Oyster Farming

We have finally arrived in Cheng Long.  The Chinese name for Jackie Chan. And it still it keeps raining.

My body wants to be on a rural schedule down here.  Going to bed by 10 and waking up at 5:30 with the rooster’s crowing and the sun rising. Unfortunately though they decided to give me a bedroom that is right next to the local evening hang out by the porch, kitchen and tool room.  It is a nice room, but I am thinking I should switch.  My only choice is to try and switch with the artist from Italy for a smaller room with no windows that borders on the living room of another family that plays the TV late into the night.  Oh what shall I do? 

 

Yesterday we went around the area scavenging for materials at the recycling center and along the sea coast where they keep the oyster farms.  The farms are designed with rows and rows of bamboo scaffolding within which are hung lines and lines of oyster shells. The idea is to create a fake reef to attract the growth of new oysters. At high tide the farms are under water, we arrived at low tide to find them all exposed along with these giant nail like pillars of concrete that are placed to serve as wave breakers during the typhoons.  The idea is that as the bamboo scaffolding breaks apart after the oysters are farmed you go out to collect the pieces left behind. The first beach we went to had none most likely due to the extra rain we have been having, at the second one we were more successful at finding aged pieces of the bamboo to recycle for our projects. It is like a post-apocolypitic landscape out there during low tide with the gray skies and factories in the distance. On the way there we passed just under a series of wind turbines, which stand guard over this bizarre landscape. As we drove below the spinning fans they seemed to me like giant creatures wielding their power over the terrain.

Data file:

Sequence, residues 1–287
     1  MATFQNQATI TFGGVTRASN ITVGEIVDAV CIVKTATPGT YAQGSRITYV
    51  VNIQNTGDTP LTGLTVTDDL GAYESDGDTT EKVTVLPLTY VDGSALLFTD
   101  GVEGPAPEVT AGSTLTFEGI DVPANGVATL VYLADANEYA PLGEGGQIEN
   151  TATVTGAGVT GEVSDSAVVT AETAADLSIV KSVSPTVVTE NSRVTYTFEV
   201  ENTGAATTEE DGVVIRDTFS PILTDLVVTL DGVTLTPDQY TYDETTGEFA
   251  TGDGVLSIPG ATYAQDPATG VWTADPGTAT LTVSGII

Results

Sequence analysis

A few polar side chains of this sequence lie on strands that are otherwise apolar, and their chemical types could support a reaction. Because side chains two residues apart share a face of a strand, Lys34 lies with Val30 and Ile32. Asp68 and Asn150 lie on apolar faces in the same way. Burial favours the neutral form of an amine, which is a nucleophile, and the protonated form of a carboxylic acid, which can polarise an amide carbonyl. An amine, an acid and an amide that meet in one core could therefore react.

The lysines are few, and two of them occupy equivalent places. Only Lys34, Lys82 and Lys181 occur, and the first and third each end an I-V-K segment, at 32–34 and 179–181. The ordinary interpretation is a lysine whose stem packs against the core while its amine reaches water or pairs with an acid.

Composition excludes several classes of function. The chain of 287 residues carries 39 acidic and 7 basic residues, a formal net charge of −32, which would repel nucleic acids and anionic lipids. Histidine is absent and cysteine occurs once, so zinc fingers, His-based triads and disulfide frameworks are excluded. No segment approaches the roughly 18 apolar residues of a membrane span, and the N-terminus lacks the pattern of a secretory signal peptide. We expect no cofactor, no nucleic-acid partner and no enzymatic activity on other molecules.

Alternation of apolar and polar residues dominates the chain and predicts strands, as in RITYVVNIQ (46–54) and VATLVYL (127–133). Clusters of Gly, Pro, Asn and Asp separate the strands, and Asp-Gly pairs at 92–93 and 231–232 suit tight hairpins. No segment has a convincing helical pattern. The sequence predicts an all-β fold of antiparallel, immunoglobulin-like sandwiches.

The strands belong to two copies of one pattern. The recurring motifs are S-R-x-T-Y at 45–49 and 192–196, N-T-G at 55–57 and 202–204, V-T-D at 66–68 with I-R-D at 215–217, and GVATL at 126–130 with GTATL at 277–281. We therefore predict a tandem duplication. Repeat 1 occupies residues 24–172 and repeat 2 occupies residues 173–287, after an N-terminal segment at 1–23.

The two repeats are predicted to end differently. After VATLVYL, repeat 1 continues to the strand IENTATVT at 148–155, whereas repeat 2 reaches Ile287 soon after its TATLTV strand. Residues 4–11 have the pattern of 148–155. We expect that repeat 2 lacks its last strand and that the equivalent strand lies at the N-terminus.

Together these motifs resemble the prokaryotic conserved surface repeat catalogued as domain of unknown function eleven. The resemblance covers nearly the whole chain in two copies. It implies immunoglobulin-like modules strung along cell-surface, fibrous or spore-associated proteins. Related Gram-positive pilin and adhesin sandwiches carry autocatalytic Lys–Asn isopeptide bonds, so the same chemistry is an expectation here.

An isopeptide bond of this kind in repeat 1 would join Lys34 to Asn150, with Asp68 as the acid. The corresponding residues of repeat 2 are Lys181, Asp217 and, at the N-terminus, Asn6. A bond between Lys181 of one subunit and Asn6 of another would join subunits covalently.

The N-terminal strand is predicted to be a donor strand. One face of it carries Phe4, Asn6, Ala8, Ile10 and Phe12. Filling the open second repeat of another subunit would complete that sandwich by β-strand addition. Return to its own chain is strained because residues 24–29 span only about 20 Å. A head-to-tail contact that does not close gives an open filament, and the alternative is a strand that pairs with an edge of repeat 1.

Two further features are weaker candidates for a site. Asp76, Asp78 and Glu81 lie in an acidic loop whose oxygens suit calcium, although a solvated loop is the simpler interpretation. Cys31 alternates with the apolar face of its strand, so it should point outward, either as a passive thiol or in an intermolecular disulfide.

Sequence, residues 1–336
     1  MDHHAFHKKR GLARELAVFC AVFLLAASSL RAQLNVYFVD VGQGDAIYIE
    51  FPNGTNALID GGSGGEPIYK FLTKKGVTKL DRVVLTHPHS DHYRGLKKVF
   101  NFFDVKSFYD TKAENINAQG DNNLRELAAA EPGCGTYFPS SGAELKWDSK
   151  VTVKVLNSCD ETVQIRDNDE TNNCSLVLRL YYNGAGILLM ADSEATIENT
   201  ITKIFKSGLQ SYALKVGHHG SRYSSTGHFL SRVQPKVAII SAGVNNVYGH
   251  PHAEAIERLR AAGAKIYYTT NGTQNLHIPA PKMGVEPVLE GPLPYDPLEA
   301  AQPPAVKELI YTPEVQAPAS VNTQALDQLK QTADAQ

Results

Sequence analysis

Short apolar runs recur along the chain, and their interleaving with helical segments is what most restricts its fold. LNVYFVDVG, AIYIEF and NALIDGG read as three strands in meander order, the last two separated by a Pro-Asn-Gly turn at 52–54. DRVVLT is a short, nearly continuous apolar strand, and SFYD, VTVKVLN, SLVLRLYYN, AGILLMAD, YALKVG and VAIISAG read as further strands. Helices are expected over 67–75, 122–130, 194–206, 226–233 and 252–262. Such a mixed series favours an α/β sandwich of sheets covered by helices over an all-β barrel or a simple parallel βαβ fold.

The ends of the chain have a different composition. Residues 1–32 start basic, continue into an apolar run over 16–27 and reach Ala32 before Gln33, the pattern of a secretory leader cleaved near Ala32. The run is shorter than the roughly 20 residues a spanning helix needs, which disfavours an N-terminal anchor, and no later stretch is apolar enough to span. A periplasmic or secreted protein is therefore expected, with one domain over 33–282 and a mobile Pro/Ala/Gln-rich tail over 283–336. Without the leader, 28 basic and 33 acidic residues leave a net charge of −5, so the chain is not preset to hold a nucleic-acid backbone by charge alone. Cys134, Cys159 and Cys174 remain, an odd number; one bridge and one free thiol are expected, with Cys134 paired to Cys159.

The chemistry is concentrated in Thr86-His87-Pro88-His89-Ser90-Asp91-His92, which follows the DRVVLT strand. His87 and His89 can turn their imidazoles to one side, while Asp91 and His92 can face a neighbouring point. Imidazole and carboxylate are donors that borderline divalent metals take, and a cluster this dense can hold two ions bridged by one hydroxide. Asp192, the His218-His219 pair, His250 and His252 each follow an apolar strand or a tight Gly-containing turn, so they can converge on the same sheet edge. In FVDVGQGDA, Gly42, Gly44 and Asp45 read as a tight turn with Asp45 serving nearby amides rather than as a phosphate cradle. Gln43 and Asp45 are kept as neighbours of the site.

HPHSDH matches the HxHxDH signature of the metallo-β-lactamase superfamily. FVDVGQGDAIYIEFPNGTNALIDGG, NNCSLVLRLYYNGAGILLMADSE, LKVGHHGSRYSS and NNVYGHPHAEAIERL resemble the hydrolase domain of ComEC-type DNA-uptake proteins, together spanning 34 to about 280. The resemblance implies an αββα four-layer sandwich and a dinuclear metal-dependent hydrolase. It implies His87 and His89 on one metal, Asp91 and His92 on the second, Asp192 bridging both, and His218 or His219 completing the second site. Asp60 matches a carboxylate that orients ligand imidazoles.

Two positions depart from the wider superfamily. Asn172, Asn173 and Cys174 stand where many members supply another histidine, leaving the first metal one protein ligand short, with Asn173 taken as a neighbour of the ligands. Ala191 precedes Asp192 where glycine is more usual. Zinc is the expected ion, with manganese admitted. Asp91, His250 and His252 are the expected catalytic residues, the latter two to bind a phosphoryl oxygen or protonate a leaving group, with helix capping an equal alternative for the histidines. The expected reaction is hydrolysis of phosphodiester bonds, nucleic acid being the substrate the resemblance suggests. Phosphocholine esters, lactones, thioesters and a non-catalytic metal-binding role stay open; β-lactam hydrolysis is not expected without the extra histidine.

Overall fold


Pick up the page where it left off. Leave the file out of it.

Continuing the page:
Best,

Michele

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